Trial Affirms Aspirin Is Safe to Continue Before Coronary Artery Surgery

Allowing patients to continue taking aspirin before undergoing coronary artery surgery does not have an impact on risks of death, thrombotic complications, or bleeding in the postoperative period, results from the randomized ATACAS trial show. The findings are concordant with current recommendations for administering aspirin prior to CABG.

Take Home: Trial Affirms Aspirin Is Safe to Continue Before Coronary Artery Surgery

“The simplest message is that patients can stay on their aspirin,” trial steering committee chair Paul Myles, MD, MPH, of Alfred Hospital (Melbourne, Australia), told TCTMD in an email. “I say this because many have critical coronary artery disease (with frequent or worsening angina). The number 1 caveat to this is for those patients with a pre-existing bleeding disorder or other major risk factors for bleeding.”

He noted that many of the “most critical” patients were not included in the trial because their physicians felt it was unsafe to take them off of aspirin prior to enrollment.

“Hence, the true protective effect of aspirin may have been underestimated,” Myles said.

The findings, reported in the February 25, 2016, issue of the New England Journal of Medicine, are consistent with guidance from the American College of Cardiology/American Heart Association, which states that aspirin 100 to 325 mg daily should be given to CABG patients preoperatively (Class I, Level of Evidence B).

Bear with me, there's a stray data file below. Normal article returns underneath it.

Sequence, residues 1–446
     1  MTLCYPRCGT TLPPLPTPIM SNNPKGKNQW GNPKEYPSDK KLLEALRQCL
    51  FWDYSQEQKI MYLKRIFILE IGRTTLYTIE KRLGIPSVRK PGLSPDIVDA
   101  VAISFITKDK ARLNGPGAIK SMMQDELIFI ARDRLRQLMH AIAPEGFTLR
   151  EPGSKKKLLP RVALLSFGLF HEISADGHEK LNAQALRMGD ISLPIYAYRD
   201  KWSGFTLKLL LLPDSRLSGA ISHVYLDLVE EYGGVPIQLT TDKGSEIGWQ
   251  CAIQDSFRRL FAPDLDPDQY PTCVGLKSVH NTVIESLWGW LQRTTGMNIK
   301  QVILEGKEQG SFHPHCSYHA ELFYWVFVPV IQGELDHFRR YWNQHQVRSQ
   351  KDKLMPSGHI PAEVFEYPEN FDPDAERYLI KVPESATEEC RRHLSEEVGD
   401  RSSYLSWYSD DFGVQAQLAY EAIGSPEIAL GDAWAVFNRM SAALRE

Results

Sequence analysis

“I believe this will greatly improve the uniformity of how patients are advised before their surgery” and enable the guideline writers to strengthen the recommendation with a higher level of evidence, Myles said.

Victor Ferraris, MD, PhD, of the University of Kentucky (Lexington, KY), told TCTMD in an email that the trial would not have much clinical impact. “Most surgeons continue aspirin before coronary operations,” he said. “Some surgeons do platelet function testing in patients taking antiplatelet drugs before operation to check for antiplatelet effect, but this does not seem to have much of an effect on the decision to operate.”